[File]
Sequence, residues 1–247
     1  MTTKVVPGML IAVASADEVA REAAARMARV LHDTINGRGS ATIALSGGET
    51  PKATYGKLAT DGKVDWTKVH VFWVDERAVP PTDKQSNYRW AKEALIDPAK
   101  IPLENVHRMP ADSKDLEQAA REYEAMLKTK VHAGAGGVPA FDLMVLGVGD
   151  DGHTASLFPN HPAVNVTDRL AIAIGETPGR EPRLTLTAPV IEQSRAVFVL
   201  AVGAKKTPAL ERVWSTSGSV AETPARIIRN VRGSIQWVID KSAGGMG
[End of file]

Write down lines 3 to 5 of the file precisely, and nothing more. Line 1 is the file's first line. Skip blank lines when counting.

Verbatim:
    51  PKATYGKLAT DGKVDWTKVH VFWVDERAVP PTDKQSNYRW AKEALIDPAK
   101  IPLENVHRMP ADSKDLEQAA REYEAMLKTK VHAGAGGVPA FDLMVLGVGD
   151  DGHTASLFPN HPAVNVTDRL AIAIGETPGR EPRLTLTAPV IEQSRAVFVL